States around the country have activated their price gouging statutes due to the COVID 19 pandemic. These temporary restrictions typically go into effect upon the declaration of a local, state or national emergency. However, even though all the emergency declaration began at roughly the same time (the first week of March 2020), they likely will end at very different times. States are taking much different approaches to their predicted end-dates for their price gouging restrictions.
Under the majority of state laws, Governors can declare a state of emergency only for a limited time period – typically 30, 60, or 90 days. After that period, the Governors usually are required to renew the declaration. Unless renewed, when the declaration expires, so do many of the price gouging restrictions. In Louisiana, for example, “no state of disaster or emergency may continue for longer than thirty days unless renewed by the governor.” La. Stat. Ann. § 29:724. Louisiana’s price gouging statute tracks this language, stating that the statute “is effective for an initial period not to exceed thirty days pursuant to the initial declared state of emergency … and shall be renewed only by specific reference in any subsequent proclamations renewing the declared state of emergency by the governor.” La. Stat. Ann. § 29:732(B). Louisiana’s state of emergency related to COVID-19 expires on June 5, 2020, unless extended or terminated sooner.
Other states specify a set date when their price gouging restrictions expire in their declaration of emergency or another executive order. For example, under California’s Proclamation of a State of Emergency, price gouging restrictions are in effect through September 4, 2020. Michigan takes a similar approach, specifically extending its price gouging restrictions through June 12, 2020, via Executive Order 2020-89.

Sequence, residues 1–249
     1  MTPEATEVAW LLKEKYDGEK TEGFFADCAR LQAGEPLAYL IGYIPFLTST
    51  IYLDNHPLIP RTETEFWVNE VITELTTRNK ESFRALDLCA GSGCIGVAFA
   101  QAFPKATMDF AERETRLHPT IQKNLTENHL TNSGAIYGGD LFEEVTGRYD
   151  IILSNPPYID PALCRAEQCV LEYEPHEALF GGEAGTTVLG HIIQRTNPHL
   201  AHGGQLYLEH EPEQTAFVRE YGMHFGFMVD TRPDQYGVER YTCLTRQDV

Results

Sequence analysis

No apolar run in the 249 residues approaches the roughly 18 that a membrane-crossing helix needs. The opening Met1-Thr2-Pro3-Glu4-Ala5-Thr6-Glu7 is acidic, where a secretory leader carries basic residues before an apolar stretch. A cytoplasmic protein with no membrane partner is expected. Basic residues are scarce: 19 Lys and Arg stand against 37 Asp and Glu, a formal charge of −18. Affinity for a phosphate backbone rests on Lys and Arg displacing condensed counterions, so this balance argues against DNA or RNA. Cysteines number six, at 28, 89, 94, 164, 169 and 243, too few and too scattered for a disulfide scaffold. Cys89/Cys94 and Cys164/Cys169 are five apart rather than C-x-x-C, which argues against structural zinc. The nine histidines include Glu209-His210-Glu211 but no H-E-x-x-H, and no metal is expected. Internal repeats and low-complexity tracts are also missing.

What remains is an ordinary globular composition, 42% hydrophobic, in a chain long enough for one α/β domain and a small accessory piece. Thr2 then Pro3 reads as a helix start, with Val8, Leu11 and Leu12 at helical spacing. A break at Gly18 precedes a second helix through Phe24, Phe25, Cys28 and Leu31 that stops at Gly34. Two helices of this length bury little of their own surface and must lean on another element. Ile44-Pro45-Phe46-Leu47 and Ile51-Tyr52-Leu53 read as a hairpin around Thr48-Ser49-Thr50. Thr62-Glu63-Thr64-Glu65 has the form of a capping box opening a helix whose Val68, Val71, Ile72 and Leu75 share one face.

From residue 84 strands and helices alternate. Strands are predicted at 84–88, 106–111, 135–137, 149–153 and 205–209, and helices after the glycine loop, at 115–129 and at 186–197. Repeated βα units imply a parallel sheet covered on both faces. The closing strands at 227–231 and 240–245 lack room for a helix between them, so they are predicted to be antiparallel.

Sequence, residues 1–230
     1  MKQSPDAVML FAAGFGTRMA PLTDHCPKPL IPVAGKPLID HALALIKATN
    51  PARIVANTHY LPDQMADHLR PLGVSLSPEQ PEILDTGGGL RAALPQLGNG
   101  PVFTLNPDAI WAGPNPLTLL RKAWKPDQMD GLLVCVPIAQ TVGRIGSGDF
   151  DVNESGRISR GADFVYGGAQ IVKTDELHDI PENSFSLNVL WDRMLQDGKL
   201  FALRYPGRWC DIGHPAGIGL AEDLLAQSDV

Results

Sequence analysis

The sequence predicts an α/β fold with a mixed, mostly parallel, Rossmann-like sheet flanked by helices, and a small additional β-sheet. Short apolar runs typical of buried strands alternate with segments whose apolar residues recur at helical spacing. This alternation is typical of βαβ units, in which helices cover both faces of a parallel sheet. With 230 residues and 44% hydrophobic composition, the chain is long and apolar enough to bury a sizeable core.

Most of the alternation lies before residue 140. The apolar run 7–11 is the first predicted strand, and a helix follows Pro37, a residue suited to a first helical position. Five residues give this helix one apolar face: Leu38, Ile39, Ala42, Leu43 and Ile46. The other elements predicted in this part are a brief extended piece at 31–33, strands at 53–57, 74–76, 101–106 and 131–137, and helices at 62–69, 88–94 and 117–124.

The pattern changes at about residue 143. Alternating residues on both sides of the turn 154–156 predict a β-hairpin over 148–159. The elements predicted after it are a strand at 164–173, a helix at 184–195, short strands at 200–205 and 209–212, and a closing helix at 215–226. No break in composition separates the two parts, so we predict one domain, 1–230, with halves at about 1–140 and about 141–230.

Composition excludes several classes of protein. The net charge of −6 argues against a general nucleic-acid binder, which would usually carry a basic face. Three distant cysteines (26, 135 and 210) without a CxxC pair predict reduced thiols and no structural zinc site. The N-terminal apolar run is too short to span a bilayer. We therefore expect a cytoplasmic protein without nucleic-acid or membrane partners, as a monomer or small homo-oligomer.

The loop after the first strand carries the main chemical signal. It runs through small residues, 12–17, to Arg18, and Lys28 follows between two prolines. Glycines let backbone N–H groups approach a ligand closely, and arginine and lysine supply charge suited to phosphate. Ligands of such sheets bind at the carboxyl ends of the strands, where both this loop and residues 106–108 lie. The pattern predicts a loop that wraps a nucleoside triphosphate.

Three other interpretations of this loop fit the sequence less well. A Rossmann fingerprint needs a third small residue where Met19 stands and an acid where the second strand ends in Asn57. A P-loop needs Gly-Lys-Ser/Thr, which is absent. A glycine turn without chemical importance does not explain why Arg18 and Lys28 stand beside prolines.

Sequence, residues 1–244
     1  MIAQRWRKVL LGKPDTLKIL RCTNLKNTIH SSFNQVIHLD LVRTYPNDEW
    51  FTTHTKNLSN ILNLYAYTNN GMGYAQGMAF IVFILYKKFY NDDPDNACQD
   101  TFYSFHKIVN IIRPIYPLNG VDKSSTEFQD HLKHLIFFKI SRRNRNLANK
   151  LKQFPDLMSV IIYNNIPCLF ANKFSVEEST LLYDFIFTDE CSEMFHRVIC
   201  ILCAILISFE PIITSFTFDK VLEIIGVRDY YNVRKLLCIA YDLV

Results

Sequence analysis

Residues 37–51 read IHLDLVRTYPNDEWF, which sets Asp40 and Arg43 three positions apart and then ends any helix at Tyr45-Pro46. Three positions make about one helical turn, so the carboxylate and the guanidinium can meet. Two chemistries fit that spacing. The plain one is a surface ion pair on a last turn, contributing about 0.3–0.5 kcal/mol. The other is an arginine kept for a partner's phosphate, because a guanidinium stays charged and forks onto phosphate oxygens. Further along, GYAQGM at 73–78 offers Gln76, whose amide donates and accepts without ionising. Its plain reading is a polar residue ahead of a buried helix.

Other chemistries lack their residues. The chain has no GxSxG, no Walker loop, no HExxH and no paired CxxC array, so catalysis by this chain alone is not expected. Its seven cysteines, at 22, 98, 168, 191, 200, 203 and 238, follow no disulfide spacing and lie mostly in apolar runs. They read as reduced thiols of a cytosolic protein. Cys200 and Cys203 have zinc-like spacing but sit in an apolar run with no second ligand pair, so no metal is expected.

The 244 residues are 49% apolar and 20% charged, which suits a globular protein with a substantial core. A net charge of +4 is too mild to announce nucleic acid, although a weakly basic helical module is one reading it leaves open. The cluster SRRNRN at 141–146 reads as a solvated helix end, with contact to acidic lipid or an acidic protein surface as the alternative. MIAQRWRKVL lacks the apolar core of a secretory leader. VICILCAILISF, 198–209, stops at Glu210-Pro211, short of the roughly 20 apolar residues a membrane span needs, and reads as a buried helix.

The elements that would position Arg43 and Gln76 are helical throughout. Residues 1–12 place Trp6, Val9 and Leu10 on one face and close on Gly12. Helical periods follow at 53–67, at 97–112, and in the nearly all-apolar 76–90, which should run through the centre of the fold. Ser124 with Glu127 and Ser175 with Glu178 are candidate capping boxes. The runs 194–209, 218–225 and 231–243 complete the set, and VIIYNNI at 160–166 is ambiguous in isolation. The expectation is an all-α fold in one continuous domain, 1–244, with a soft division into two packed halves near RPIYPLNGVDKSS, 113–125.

Some states also have price gouging laws that remain in effect even after the state of emergency expires. For example, New Jersey’s price gouging statute states that “[i]t shall be an unlawful practice for any person to sell or offer to sell during a state of emergency or within 30 days of the termination of a state of emergency.” N.J. Stat. Ann. §56:8-109. New Jersey’s state of emergency expires on June 5, 2020. Similarly, Pennsylvania’s price gouging statute remains in effect “[d]uring and within 30 days of the termination of a state of disaster emergency declared by the Governor.” Penn. P.L. 1210, No. 133 §4(a). Pennsylvania’s state of emergency, which must be renewed every 90 days, expires on June 4, 2020.
There are also some states in which the statutory time period for the price gouging restrictions has run, and the Governor has extended them. Under Kentucky’s price gouging statute, for instance, restrictions are only in effect for fifteen days. After the fifteen days expire, the Governor may renew the provisions up to “three additional fifteen (15) day periods  if necessary to protect the lives, property, or welfare of the citizens. Ky. Rev. Stat. §367.374(1)(b). On April 21, 2020, the last of the fifteen-day extension periods expired. However, Governor Andy Beshear has continued to extend the price gouging provisions beyond this statutory period by executive order. The most recent executive order issued on May 21, 2020, extends the price gouging provisions “for the duration of the State of Emergency.”
While the majority of price gouging restrictions continue to remain in effect, some may begin to expire in the coming weeks or months. With a wide range of expiration dates for price gouging restrictions, and renewals coming online daily, compliance on a regional or national level requires careful tracking of where the restrictions are in effect and for what period they are slated to remain in place. Finally, the importance of maintaining a good record of your compliance and compliance efforts in place now survives the current state of emergency. As some statutes allow for private causes of actions to be brought up to six years from now, plaintiffs will look retrospectively at what took place during this critical period when evaluating whether to bring claims – even months or years down the road.
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